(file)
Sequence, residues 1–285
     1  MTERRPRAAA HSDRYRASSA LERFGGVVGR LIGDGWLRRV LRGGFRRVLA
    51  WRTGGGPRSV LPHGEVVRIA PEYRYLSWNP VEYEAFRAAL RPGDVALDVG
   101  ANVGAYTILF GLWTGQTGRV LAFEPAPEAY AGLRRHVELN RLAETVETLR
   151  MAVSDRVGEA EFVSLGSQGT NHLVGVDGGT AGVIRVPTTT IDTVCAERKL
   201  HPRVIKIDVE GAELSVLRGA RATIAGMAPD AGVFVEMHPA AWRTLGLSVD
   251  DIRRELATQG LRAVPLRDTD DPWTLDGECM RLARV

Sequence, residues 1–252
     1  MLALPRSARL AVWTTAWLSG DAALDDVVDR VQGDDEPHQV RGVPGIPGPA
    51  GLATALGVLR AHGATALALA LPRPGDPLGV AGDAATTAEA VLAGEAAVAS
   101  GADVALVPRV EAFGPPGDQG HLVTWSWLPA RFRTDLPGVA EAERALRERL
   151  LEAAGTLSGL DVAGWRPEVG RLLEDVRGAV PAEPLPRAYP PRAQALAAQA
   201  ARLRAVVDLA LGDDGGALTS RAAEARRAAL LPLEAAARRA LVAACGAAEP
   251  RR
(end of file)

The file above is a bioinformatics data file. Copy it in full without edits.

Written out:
Sequence, residues 1–285
     1  MTERRPRAAA HSDRYRASSA LERFGGVVGR LIGDGWLRRV LRGGFRRVLA
    51  WRTGGGPRSV LPHGEVVRIA PEYRYLSWNP VEYEAFRAAL RPGDVALDVG
   101  ANVGAYTILF GLWTGQTGRV LAFEPAPEAY AGLRRHVELN RLAETVETLR
   151  MAVSDRVGEA EFVSLGSQGT NHLVGVDGGT AGVIRVPTTT IDTVCAERKL
   201  HPRVIKIDVE GAELSVLRGA RATIAGMAPD AGVFVEMHPA AWRTLGLSVD
   251  DIRRELATQG LRAVPLRDTD DPWTLDGECM RLARV

Sequence, residues 1–252
     1  MLALPRSARL AVWTTAWLSG DAALDDVVDR VQGDDEPHQV RGVPGIPGPA
    51  GLATALGVLR AHGATALALA LPRPGDPLGV AGDAATTAEA VLAGEAAVAS
   101  GADVALVPRV EAFGPPGDQG HLVTWSWLPA RFRTDLPGVA EAERALRERL
   151  LEAAGTLSGL DVAGWRPEVG RLLEDVRGAV PAEPLPRAYP PRAQALAAQA
   201  ARLRAVVDLA LGDDGGALTS RAAEARRAAL LPLEAAARRA LVAACGAAEP
   251  RR